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10 Former Professional Athletes Currently Serving Time

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Photo Courtesy CheckOutMyCards

Former Yankees' standout pitcher Brien Taylor is widely accepted as one of the biggest disappointments in Major League Baseball history. Now, he's known as one of the game's most notorious criminals. Next week, the former number 1 pick will be sentenced to between 5 and 40 years in prison after he pleaded guilty this summer to distributing crack cocaine. Now 40, Taylor has been incarcerated since his March arrest.

What was once a promising start to a young career has turned into the latest tragic story of a former pro getting himself involved in the wrong side of the law. Here's a look back at 10 other players who are now serving time in prison.

1. Ugueth Urbina

The former closer was sentenced in Venezuela in 2007 to 14-plus years in prison for the attempted murder of five workers on his ranch. The attacks by several men were particularly severe—involving machetes and pouring gasoline on their victims. Their crime? Urbina accused them of stealing a gun from him.

2. Dave Meggett

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Meggett was sentenced to 30 years in 2010 for criminal sexual conduct and burglary stemming from an encounter he had with a college student the year before. His defense argued that the sex was consensual. The three-time All-Pro and one-time Super Bowl champion's legacy has been overshadowed by a series of troubling episodes during his playing days and afterward. In 2007, he was convicted of misdemeanor sexual battery and served a two-year probation period.

3. Lawrence Phillips

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In 2008, the former running back was sentenced to 10 years (eventually reduced to 7) in prison on a charge of assault with a deadly weapon. Three years earlier, he had driven onto a field and struck three kids with his car. Reports indicated that he had been upset after losing a pickup football game and then suspected them of stealing his possessions. In 2009, Phillips was sentenced to 25 years in prison on a separate conviction for assault and other charges, for a total term of more than 31 years.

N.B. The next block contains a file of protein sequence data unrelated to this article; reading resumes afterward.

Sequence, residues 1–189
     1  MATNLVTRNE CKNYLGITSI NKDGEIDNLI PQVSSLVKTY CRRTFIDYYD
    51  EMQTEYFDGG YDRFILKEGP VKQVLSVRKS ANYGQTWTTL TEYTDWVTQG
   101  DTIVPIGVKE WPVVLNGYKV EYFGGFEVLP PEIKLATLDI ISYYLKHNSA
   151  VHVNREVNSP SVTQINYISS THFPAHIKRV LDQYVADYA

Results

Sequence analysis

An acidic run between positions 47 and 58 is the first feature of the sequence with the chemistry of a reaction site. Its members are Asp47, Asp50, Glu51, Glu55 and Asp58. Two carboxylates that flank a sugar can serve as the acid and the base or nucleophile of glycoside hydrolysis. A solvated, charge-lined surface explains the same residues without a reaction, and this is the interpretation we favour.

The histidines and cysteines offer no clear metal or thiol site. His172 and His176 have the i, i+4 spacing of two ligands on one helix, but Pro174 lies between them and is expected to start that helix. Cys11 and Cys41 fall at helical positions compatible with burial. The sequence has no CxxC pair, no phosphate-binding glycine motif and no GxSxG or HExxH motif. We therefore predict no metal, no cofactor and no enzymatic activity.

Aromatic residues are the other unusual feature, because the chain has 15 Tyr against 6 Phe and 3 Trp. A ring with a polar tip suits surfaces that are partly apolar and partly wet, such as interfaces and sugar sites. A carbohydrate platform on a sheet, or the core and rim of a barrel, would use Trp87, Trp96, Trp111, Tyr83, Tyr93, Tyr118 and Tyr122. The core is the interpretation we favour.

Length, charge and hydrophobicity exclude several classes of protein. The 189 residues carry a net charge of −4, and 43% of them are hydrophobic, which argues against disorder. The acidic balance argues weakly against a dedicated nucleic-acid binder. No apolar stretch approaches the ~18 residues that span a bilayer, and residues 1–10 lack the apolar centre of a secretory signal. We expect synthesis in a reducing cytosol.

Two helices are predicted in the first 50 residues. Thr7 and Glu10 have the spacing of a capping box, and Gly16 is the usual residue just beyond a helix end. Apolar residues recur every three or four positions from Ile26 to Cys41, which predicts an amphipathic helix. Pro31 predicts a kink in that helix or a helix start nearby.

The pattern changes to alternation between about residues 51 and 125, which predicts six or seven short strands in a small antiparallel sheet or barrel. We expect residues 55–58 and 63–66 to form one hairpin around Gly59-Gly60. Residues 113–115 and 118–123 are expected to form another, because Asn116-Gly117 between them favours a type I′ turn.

4. Mel Hall

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Former outfielder Mel Hall got 45 years in prison in 2009 after he was convicted of raping a 12-year-old girl that he coached on a basketball team. During the sentencing, other accusers came forward to say that Hall had carried on inappropriate relationships with them as well. "We believe that the verdict does on some level show that the jury understood," said the prosecutor after the trial. "They looked in these girls' eyes and said this is worth 40 years, and we agree with them." After half of his prison term, he will be eligible for parole.

5. Rae Carruth

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The promising young Panthers' receiver had his career go off the rails in 2001 when he was sentenced to more than 18 years in prison for arranging the death of the woman pregnant with his child. Miraculously, the child survived the shooting that took his mother's life. At the time of her death, the victiim, Cherica Adams, was trailing Carruth's car in her own vehicle when Carruth suddenly stopped and a shooter emerged alongside her in a third car. Then Carruth drove off. Adams survived long enough to call 911 and describe the events of the evening. Two others were also apprehended and are in prison.

6. Eddie Johnson